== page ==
Words are inadequate to describe opera. It is like love: how do you verbalize Cupid? Can you capture in a blog an evening in front of TV with and opera DVD and a bottle of brandy?
It is not possible. But still one tries, for the emotions are stimulated and the words fight to come out.
Tonight it was Adriana Lecouvreur as performed in London in 2010 with Angela Gheorghiu (ex-wife of Roberto Alagna) and Jonas Kaufmann (married with two kids.) Written by Francesco Cilea and first performed in 1904, this opera is new to me.
Verismo, maybe. Romantic, no. A tribute to Melpomene, muse of tragedy, yes. But with Angela Gheorghiu, surely the most beautiful soprano now singing, and Jonas Kaufmann, surely the most intelligent, best opera actor with the best voice, how can you not enjoy what at best is a silly story and an overblown tragedy?
Sit back; enjoy the modern music, almost movie-like; revel in the revenge of play-actors on what is but a stage; and muse on the conundrum of old lovers, unfaithful lovers, and adulterous lovers. And succumb to the power of music, acting, and story as old as time and as intimate as everyday. You can see yourself in this opera, as a young man in first love, as a middle-aged ambition, and as an old man still beset by the altar of artemis, in this opera the rising flesh pushed up by tight bodices.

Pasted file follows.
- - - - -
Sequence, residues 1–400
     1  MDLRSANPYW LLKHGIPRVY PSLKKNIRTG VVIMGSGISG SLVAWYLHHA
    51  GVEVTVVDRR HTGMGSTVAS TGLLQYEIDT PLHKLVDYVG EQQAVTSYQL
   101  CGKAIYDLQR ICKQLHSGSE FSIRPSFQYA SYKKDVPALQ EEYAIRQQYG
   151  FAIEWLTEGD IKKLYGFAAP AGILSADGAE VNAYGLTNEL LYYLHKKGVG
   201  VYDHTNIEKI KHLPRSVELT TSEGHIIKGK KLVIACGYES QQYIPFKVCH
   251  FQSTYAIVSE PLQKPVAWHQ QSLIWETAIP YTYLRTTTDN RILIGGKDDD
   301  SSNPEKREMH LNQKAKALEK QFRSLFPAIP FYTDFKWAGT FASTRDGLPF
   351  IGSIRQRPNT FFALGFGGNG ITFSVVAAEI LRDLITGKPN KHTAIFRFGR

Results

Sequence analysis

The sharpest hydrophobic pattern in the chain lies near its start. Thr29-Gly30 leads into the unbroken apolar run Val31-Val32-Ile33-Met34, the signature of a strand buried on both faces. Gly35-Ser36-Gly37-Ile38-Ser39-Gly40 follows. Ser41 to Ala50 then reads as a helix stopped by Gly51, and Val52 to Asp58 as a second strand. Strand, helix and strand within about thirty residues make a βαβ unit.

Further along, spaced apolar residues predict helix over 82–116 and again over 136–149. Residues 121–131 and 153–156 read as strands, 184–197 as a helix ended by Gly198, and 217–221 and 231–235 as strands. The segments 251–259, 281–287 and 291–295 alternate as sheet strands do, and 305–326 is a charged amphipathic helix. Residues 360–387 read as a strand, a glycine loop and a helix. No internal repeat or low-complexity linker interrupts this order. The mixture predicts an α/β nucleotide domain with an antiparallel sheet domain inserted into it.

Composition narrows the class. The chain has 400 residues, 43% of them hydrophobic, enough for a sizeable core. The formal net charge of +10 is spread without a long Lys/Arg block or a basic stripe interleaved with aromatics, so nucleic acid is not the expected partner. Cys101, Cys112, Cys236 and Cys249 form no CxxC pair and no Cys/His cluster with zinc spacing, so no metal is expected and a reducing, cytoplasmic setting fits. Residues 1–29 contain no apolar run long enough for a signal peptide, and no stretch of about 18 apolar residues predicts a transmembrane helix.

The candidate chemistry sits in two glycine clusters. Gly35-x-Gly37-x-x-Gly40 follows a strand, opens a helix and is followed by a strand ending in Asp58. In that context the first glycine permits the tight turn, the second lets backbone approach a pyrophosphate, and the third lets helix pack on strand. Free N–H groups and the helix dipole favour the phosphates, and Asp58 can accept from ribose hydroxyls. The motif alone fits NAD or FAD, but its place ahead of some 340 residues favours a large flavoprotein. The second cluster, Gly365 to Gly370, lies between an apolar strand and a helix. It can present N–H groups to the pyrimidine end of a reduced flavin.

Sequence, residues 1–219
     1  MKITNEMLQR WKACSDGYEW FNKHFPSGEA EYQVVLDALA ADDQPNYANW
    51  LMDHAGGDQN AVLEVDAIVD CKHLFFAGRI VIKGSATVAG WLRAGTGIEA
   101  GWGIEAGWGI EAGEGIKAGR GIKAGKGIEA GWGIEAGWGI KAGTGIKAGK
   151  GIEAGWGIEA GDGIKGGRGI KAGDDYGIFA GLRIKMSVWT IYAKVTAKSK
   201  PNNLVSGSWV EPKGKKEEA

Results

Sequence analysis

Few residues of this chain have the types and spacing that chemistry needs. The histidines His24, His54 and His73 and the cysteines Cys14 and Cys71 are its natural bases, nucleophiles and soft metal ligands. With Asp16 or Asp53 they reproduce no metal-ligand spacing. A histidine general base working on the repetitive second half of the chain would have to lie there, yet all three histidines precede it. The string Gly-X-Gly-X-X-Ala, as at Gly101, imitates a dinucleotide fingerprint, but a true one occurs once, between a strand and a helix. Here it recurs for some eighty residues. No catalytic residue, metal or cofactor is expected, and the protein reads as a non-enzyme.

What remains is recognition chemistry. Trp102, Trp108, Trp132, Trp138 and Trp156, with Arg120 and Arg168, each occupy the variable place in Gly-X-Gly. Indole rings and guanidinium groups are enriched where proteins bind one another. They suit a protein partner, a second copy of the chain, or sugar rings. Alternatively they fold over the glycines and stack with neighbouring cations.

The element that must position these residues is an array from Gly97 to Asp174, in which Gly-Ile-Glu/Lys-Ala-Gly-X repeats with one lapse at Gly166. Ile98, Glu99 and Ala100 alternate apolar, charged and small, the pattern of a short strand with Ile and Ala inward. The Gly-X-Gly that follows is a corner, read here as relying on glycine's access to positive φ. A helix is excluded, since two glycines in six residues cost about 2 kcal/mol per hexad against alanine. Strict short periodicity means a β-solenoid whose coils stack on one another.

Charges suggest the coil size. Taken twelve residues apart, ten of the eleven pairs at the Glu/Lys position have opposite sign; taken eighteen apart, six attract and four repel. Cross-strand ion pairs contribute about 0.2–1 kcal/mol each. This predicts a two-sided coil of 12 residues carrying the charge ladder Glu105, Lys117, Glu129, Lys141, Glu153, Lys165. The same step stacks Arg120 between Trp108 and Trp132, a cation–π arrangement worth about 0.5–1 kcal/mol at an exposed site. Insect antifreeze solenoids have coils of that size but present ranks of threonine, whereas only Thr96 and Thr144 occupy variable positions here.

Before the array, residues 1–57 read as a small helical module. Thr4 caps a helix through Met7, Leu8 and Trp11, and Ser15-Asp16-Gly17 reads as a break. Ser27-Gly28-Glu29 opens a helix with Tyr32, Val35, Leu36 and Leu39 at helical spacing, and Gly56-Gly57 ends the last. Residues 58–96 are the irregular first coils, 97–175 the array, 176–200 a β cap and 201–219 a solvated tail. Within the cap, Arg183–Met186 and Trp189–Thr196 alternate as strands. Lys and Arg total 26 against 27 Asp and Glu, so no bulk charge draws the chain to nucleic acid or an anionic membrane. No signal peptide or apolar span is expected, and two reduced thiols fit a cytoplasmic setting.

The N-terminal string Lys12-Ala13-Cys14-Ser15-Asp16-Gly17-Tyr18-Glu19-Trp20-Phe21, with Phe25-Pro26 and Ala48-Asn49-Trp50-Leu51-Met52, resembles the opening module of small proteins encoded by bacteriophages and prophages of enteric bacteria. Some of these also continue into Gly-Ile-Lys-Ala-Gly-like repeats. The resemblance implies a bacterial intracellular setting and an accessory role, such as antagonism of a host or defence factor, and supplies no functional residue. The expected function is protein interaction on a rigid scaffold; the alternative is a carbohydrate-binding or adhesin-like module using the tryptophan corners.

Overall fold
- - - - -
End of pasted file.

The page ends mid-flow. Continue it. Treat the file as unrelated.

Despair at the conflict of two women besotted by the same man. How many of us can lay claim to that dilemma? Admire the skill of balance and political versus amorous ambition of the Count. Empathize with the old man in love (at a distance) with youth and tenderness.
We could go on with deep analysis of the story and characters and music of this opera. But why bother? It was written and enjoyed as entertainment for the masses in the days before TV. So why should we not today enjoy it as mass entertainment made possible by skilled modern performers, DVDs, and the vast amounts of money poured into opera in the great cities.
For stripped of cant, opera is pure visceral pleasure: an art form of great expense but even greater pleasure that tickles all the senses and stimulates all the organs from the eyes, to the ears, to the heart, and the other parts of us that make for desire and love.